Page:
Simply put, judges are not accountable for their judgments, an odd state of affairs since everyone except judges is so accountable.

lilikoi's avatar

Trying a 12 year old as an adult makes no sense.

Seaofclouds's avatar

I think it should be done on a case by case basis. What one child is capable of understanding at 12 can be very different than another child’s capability. I think an evaluation should be done and they should weigh the child’s intentions with the motive and with their understanding. If the child says something like, “I didn’t know the fiance would die, I just didn’t want daddy to have another baby” and is really remorseful of the situation, then that should be taken into account. But if instead he says something like “Yeah I meant to kill that “B” and her baby and I’m glad they’re gone”, that needs to be taken into consideration and deserves a harsher punishment than the first one.

Also from my understanding, when they try someone as a juvenile, the punishment usually ends at 18, no matter what the crime. Trying a child as an adult instead allows the punishment to go past their 18th birthday. (I could be wrong on this, but this is the way I understood it.)

ANef_is_Enuf's avatar

Well the big issue here seems to be that the judge doesn’t think that the boy will be rehabilitated by the time of his release, at 21. So, I guess the real question is: why aren’t there laws in place for situations like this? It seems like such a dramatic stretch to make ends meet. Either the boy is tried as an adult and likely spends his entire life in prison (starting at age 12) or he gets out at a certain age without any certainty that he will be rehabilitated. Kind of extreme either way. 11 is old enough to have a grasp on the difference between right and wrong.. but I’m not sure that an 11 year old really understands how permanent the consequences can be.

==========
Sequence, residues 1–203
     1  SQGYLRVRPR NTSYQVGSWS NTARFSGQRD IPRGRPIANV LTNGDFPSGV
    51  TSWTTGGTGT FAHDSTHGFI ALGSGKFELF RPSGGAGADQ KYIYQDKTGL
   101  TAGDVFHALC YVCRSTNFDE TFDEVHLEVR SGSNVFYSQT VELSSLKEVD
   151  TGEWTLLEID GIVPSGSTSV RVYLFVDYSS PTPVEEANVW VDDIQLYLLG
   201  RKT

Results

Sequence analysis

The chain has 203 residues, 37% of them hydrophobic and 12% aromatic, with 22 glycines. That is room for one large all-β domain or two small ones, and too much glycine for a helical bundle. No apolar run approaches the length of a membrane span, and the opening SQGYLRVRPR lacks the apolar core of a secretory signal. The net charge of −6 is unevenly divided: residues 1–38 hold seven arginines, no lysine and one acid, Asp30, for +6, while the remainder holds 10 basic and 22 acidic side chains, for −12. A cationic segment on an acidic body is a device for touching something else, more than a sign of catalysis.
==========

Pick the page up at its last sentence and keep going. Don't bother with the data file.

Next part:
poofandmook's avatar

@Seaofclouds: That’s my point. The kid that tried to kill me was tried as a minor and got three f-ing months for attempted murder. He should have been tried as an adult. He admitted he wanted me to die and he got three months because he was an f-ing minor. That is the biggest load of horse shit I might have ever witnessed in my life.

Seaofclouds's avatar

@poofandmook I agree. It sounds like he shoud have been one of the cases where he was tried as an adult.

YARNLADY's avatar

No, I believe that is a travesty.

ANef_is_Enuf's avatar

Well 3 months seems incredibly minor, yes, absolutely. But I believe the average sentence for attempted murder is something like 3–5 years. (i could be wrong about this, though, i just pulled that out of my head.. so it might be inaccurate)

I just wonder if in situations like this, these kids shouldn’t be held in some kind of psychiatric facility until they are 18… then re-evaluated and go from there.

poofandmook's avatar

@TheOnlyNeffie: I think he should’ve been locked up until he was 21, not 18. Actually I would’ve liked to see him rot for the rest of his life in a cell, but I would’ve been happy with 18 too. That’s a heck of a lot better than 3 freakin months.

RedPowerLady's avatar

Just to clarify juveniles can be in detention until age 25. At least where I live.

ANef_is_Enuf's avatar

Right, I think that may vary by state. The local story that I posted in the original question seems to insinuate that they boy would be held until he is 21 if tried as a minor.

RedPowerLady's avatar

@TheOnlyNeffie Good point. I did not read the whole story. Thanks for that.

6rant6's avatar

We punish people to:
Reeducate them (Not in California anyway)
To prevent them from perpetrating more crime
To punish the criminal
To deter others from committing crime